If You Don't Like These Films, You're Fired! Donald Trump Picks Five Favorite Flicks For Movieline
Ever wonder where Donald Trump got his take-n0-prisoners executive style? Well, based on his favorite movies, it's part Corleone family, part Tommy DeVito, part Rhett Butler and part Blondie from The Good, the Bad and the Ugly, although, frankly, it was Clint Eastwood who could have used a little of the Donald's mojo when it came to that lame-ass speech the actor-filmmaker gave at the Republican National Convention in Tampa.
After the Today show aired an unseen GOP convention video on Wednesday that featured the real-estate tycoon and reality-TV-show host firing President Obama Celebrity Apprentice-style — check out the video after the jump — Movieline got to thinking about what films Trump might like to watch when he's not the one on camera. We inquired, and he graciously provided us with a list that, if you ask me, provides an interesting glimpse into his business philosophy. The son of the late real-estate developer Fred Trump, Donald didn't just follow in his father's footsteps, he built the Trump name into an internationally recognized brand and became a hip-hop idol in the process. Given his beginnings, it's not surprising that one of his picks deals with another type of family business. Another choice, reveals that for all the firing he does, Trump is a romantic at heart.
Herewith, are Trump's five favorite movies, along with commentary from the man himself.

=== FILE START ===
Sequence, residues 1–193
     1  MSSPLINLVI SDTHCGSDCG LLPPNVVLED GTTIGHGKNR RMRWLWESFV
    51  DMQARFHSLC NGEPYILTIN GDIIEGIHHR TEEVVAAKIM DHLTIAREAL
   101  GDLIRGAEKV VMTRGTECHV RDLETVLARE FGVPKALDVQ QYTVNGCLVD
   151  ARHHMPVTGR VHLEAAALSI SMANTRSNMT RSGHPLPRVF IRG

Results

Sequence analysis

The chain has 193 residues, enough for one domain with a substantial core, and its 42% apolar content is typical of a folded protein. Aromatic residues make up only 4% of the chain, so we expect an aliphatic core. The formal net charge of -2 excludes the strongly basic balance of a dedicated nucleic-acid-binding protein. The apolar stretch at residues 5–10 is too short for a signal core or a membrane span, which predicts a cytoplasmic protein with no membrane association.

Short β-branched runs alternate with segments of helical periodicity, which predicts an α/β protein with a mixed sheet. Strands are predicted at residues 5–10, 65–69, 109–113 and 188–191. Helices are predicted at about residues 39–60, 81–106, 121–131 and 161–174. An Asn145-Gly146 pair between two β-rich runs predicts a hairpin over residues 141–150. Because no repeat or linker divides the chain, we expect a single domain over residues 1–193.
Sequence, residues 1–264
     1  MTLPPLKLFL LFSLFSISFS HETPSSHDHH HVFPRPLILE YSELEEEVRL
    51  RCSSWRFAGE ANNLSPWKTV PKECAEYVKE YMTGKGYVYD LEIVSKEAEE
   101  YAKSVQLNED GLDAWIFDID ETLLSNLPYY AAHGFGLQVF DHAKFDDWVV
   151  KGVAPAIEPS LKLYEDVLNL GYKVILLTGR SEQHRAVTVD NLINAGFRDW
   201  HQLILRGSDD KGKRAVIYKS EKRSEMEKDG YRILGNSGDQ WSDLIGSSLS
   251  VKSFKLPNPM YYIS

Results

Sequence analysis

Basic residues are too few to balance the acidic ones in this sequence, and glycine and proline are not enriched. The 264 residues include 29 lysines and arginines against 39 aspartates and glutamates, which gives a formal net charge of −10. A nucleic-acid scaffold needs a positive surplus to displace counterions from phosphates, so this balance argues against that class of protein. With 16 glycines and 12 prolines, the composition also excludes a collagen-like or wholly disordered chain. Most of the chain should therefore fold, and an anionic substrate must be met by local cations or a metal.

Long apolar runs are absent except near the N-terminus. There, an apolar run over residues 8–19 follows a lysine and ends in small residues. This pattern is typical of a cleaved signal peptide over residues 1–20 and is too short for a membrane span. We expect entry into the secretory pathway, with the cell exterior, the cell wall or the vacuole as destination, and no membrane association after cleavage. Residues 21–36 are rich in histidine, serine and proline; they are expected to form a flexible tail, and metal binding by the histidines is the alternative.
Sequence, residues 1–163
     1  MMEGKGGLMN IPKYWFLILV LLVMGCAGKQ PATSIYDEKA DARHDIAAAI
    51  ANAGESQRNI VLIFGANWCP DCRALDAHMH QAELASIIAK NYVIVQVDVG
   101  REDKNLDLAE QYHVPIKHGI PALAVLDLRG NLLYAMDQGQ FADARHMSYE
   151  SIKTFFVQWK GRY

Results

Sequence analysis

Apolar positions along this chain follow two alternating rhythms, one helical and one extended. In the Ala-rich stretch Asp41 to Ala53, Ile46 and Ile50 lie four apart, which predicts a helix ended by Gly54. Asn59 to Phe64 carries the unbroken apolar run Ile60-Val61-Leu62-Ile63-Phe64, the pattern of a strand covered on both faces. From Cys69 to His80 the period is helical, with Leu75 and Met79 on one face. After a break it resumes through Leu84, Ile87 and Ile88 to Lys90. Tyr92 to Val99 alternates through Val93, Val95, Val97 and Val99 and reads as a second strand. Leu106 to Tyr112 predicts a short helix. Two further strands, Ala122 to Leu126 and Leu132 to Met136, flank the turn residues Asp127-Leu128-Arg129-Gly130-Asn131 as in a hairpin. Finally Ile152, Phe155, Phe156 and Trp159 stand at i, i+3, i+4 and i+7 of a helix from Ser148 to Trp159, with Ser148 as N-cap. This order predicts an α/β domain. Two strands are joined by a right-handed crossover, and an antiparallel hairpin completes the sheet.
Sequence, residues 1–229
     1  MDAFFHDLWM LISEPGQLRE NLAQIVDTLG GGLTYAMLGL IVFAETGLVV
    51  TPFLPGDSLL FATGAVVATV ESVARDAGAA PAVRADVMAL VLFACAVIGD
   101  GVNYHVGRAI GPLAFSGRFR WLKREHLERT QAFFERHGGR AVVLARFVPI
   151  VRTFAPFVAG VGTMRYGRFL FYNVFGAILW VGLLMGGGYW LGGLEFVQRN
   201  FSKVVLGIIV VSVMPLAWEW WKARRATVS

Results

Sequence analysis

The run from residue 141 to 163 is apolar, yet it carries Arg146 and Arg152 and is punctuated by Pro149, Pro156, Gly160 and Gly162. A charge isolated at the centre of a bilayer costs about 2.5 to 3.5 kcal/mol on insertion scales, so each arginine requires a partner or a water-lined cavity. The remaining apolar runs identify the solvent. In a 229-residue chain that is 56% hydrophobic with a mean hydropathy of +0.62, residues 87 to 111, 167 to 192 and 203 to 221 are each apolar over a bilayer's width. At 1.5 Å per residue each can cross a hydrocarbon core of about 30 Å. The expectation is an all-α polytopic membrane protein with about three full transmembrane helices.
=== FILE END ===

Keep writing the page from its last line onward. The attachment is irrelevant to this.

1. Citizen Kane (Director, Orson Welles; 1941): "It is one of the greats of all time. The acting, the story, the production values are all superb. The fact that it was Orson Welles’ first feature film is also impressive, and the mystery of Rosebud in the midst of a narrative about a business power play gives it further resonance. Hard to beat."
2. The Good, the Bad and the Ugly (Director, Sergio Leone; 1966) "It’s tough. It'’s real. It’s well done. The music is unforgettable. The characters are well developed and sometimes remind me of some of the types I’ve had to deal with over the years in business. No weak points here."
3. Gone with the Wind (Director, Victor Fleming; 1939): "It’s a classic. It has stood the test of time. For me, it’s a love story combined with a time in our country’s history that was pivotal in our evolution. The scope of the storytelling is tremendous."
4. GoodFellas (Director, Martin Scorsese; 1990): "Great entertainment, with a stellar cast and terrific direction. The intensity propelled the story forward and the 'business’ and how it was handled was impressive."
5. The Godfather (Director, Francis Ford Coppola; 1972): Another classic, as was The Godfather: Part II. The story is riveting and the characters were perfectly cast and directed. The family aspect intrigued me as did their business and history.
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